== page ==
And here’s a big admission: Because I misconstrued sleep as a key to parenting success, I got angry a lot at bedtime. This started in his infancy & continued through his two’s, after he transitioned to a big kid bed. I think this is perhaps why I’m most embarrassed by this episode in my mothering journey. I tried so hard to be a gentle parent, respectful of my son’s needs, but I just lost my temper so often at night. I never harmed my son physically & I was usually successful in bottling my anger, but I’m sure my tone & words were less than kind on
some many nights. I often had to just walk away.
I was & am ashamed of this. If I could do one thing over with my son, it would be all about sleep.
What’s different today? I am an exhausted, bed-sharing/co-sleeping mother to a 1 1/2 year old who still nurses a lot at night & has unpredictable nighttime patterns… But, I’m mostly okay with this. That last bit is the big difference: My attitude has shifted.
And, so, with some perspective on my experience with my son & additional experience with the baby, I feel like I can & should write about sleep.
When I had my daughter, I was determined to not repeat the mistakes I made with my son & in the process I discovered something: Sleep “training” is nothing more than a cottage industry offering books & services to unwitting parents caught up in the cultural tide that is mainstream, competetive parenting in America.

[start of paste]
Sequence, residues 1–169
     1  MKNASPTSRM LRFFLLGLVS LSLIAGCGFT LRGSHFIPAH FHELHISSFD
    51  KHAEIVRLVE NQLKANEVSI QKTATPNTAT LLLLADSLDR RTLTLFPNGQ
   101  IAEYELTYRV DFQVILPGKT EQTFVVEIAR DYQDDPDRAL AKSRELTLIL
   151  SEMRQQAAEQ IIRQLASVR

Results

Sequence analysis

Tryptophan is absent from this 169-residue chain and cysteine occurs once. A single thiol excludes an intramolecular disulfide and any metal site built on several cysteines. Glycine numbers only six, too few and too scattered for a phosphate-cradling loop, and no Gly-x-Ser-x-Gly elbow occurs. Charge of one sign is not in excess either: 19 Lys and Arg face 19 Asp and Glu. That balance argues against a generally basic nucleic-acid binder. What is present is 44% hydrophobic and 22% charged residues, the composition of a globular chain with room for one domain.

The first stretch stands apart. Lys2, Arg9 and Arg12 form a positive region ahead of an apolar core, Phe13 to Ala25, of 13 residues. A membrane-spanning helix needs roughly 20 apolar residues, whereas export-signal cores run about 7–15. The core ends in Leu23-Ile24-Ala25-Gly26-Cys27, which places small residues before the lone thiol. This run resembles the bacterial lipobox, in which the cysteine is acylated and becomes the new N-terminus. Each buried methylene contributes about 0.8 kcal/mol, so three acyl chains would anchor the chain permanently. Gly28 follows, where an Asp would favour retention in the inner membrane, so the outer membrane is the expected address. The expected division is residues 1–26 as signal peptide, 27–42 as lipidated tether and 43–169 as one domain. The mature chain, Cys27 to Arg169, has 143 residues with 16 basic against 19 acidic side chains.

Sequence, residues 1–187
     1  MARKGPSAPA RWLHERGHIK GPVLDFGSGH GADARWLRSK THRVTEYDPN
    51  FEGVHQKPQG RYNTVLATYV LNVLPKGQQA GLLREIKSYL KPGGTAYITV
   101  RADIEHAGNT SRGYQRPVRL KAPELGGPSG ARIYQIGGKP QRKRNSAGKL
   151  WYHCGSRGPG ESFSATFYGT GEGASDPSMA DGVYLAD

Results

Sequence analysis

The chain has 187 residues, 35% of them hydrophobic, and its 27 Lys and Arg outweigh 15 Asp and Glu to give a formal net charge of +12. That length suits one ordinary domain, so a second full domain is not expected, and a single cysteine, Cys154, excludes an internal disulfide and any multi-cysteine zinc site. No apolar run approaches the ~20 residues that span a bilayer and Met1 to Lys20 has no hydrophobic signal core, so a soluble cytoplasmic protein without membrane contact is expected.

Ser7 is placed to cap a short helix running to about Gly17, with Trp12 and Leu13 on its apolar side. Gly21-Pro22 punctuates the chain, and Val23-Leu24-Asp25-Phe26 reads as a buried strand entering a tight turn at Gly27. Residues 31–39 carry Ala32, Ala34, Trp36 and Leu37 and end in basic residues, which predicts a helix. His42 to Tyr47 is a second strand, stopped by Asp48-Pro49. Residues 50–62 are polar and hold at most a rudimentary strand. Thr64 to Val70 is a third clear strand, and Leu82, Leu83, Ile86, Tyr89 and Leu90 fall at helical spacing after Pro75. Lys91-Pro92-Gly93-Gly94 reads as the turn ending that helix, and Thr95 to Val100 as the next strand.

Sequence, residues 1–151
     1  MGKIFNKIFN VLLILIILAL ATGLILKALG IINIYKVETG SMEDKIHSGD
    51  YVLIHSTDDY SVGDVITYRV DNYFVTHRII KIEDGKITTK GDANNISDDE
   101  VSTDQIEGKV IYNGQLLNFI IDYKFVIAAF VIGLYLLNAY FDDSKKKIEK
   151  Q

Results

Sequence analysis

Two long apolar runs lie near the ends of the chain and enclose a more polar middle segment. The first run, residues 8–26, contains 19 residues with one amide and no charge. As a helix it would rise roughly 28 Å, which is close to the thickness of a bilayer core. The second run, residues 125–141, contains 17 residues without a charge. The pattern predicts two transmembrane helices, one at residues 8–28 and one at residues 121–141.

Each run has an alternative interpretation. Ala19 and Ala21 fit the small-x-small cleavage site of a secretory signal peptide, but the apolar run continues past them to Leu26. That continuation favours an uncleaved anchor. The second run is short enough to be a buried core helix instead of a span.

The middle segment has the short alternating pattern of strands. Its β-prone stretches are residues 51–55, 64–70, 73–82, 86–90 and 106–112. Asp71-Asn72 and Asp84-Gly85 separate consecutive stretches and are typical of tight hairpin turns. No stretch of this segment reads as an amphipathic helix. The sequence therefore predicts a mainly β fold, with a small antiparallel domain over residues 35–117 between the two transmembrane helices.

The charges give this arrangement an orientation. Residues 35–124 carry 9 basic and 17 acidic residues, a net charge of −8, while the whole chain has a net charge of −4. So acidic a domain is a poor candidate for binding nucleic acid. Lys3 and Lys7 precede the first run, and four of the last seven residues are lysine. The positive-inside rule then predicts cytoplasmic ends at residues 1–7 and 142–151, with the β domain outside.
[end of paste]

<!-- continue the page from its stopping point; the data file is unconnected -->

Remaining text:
So, I decided to quit that rat race…
I am now officially a sleep iconoclast. Forging my own path without shame. Throwing out (almost) all the baby sleep advice sans guilt. Giving the boot to the concept of sleep “training.” Slaying expections surrounding normal infant & child (& adult) sleep patterns. (Mostly) loving bedtime & sleep & nighttime parenting proudly.
What did I discover is wrong with most sleep training advice? Why toss it all out? It’s all about perspective—The premise is wrong & all that follows is necessarily flawed.
Almost all sleep books start from the adult perspective. This perspective defines normal sleep as sleep that primarily takes place at night for blocks of 7-9 hours. From this perspective, sleep is also something that is self-initiated & occurs in large, uninterrupted chunks of time. Our modern days & lives are built around the construct of this big nighttime, 8-hour sleep.